Arizona HB 2281


The recent passage of House Bill (HB) 2281 in Arizona, a law that essentially bans Ethnic Studies in K-12 public schools, has generated deep concern among educators, students and staff in our county. This bill caricatures the more than 700 such programs in the nation; along with SB 1070, it sends the message that people of color, indigenous people and immigrants are not welcome in this country and that their histories and cultures should be excluded from public education. While this bill was expressly written to target the Mexican American Studies program in the Tucson Unified School District (and the 3% of the 55,000 students in the district who take such courses), its language implicates programs like American Indian Studies and African American Studies as well.
Both SB 1070 and HB 2281 draw upon a long history of the persecution of immigrants and the repression of cultures, from the banning of German bilingual schools in the 1920’s to the outlawing of American Indian religious and cultural expression. In other words, courses in Ethnic Studies (i.e. pertaining to African Americans, Chicana/os, Native Americans, and Asian Americans) demonstrate how such laws are historically reproduced over and over, often during times of economic recession and crisis. And perhaps that is why this body of knowledge seems to be so threatening. While we are saddened to see such hoary tactics resurrected, we have also been moved to organize, reflect upon our own programs in the county, and argue for an even greater need for such courses in the future.
HB 2281 claims that Ethnic Studies courses advocate the “overthrow of the United States government,” promote “resentment,” and cater to pupils of a certain ethnic group. The charge that Ethnic Studies promotes separatism and antagonism to the U.S. is made without proof. Superintendent Tom Horne decided to meet with Tucson teachers a day after the bill was signed into law. This disregard for the facts was evident in the hearings for the bill when many defenders, including the ACLU, were not allowed to present their arguments. Belatedly, Horne is now proposing to videotape Tucson classes under the guise of collecting evidence but with an obvious intent to intimidate—and further violate academic freedom and students’ learning environment.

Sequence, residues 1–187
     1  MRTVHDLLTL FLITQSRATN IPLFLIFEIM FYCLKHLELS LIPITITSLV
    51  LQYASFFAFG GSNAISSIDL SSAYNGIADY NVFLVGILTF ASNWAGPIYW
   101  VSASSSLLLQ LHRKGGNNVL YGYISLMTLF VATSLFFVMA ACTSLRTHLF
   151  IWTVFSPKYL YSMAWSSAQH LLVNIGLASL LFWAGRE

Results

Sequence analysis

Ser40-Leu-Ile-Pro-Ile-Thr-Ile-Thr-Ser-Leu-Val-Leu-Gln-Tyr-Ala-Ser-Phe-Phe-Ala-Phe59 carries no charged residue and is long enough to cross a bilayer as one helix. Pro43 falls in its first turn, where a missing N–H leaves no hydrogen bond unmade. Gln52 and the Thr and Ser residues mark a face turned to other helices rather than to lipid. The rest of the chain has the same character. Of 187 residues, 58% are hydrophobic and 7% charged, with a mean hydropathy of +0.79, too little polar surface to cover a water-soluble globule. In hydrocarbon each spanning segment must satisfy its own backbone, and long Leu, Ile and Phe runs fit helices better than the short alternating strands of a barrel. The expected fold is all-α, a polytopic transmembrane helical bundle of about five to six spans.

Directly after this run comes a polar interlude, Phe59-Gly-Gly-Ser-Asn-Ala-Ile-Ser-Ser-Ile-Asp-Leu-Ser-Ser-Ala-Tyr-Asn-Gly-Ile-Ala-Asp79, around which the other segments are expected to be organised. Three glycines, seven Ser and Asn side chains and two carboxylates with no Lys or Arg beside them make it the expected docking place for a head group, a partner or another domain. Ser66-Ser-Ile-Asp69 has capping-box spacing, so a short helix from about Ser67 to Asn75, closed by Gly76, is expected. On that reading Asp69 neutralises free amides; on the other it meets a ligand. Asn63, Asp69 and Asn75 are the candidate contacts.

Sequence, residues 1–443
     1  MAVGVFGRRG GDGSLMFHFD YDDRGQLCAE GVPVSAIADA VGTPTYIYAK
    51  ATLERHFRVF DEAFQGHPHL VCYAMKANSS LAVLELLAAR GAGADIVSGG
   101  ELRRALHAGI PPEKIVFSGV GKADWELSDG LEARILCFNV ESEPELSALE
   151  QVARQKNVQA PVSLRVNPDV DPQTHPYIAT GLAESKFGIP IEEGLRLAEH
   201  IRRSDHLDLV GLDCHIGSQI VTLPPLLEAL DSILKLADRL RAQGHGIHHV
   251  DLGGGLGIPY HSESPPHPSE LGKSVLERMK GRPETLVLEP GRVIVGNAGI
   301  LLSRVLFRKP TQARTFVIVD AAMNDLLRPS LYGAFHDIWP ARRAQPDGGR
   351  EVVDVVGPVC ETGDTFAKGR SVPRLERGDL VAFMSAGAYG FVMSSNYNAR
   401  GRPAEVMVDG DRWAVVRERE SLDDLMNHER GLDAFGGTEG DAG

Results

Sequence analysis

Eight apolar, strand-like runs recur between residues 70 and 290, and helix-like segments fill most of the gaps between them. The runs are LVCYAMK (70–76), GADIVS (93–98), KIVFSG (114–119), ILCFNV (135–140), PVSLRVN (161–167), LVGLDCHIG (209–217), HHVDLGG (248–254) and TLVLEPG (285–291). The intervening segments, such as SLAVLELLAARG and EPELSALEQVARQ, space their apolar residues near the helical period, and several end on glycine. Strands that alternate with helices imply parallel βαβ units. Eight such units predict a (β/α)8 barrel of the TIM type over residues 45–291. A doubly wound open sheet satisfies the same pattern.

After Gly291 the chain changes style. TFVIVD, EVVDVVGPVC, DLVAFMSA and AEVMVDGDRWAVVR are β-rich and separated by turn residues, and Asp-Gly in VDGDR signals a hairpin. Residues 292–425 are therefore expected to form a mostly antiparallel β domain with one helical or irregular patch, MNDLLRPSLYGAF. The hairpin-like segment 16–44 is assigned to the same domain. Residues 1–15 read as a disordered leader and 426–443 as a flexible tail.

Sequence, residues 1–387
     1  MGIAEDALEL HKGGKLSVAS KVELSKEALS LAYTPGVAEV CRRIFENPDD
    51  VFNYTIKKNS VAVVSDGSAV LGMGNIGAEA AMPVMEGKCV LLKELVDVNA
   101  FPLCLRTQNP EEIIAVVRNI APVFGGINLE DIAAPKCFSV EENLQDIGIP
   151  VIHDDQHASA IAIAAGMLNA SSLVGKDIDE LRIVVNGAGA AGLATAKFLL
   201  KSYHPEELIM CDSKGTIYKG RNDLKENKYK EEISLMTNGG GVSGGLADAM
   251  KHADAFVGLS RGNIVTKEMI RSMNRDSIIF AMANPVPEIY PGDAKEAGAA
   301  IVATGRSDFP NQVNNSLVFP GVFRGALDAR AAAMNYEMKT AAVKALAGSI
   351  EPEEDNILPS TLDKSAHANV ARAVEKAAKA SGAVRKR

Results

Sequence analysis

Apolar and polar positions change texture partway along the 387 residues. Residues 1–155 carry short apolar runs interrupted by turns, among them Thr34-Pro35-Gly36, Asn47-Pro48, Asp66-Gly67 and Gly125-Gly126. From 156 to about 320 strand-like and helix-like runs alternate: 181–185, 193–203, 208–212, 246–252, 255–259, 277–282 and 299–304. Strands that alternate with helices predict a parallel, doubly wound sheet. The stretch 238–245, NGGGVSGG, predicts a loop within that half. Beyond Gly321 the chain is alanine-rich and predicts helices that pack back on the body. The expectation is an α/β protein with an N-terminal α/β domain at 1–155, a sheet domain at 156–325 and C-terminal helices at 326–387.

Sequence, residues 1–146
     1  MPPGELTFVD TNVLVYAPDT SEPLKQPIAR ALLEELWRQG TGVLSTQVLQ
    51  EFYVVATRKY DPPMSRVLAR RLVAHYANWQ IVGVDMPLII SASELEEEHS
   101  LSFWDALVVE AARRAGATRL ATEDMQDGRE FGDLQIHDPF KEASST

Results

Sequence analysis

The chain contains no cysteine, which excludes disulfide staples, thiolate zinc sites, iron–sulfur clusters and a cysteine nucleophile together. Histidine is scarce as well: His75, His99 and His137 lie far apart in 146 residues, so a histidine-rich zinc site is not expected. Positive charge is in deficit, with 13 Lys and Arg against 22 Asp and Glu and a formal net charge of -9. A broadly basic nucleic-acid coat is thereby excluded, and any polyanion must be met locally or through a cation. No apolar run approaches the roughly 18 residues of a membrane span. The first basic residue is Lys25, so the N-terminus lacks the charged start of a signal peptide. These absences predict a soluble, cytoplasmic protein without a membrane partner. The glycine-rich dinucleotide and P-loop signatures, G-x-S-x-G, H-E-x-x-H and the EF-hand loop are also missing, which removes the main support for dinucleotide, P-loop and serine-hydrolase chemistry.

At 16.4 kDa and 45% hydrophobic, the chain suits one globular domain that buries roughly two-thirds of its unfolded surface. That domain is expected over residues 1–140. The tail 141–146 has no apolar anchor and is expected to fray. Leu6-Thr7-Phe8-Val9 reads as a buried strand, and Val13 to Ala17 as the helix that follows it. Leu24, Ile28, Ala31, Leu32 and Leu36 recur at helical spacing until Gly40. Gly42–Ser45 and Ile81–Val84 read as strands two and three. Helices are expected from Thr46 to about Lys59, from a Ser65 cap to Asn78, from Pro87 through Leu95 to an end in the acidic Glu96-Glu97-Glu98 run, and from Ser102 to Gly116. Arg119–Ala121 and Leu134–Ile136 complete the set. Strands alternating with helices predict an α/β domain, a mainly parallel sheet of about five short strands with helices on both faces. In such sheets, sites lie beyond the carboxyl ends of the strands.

In fact, Mexican American Studies courses were created in 1998 partly to alleviate the damages of de facto segregation in Tucson schools. With a 97% graduation rate (as opposed to the average 44% rate) and with 67% of students going on to post secondary education, these courses have been successful in mainstreaming students, and not in separating them as detractors claim. In addition, Ethnic Studies courses have always promoted understanding and not “resentment.” Students report that some classes begin a discussion of In Lak’ Ech, the Mayan phrase for “You are my other self.” Student Pricila Rodriguez notes that the courses are founded on “love and diversity,” but discuss” racism and sexism.” This formula for truth telling with a compassionate intention is a lesson Arizona lawmakers could use. Equally disturbing is that the Arizona legislature has used its power to attack a program that works, yet is not addressing longstanding problems such as grouping students by ability and language that may result in disparate impact by ethnicity.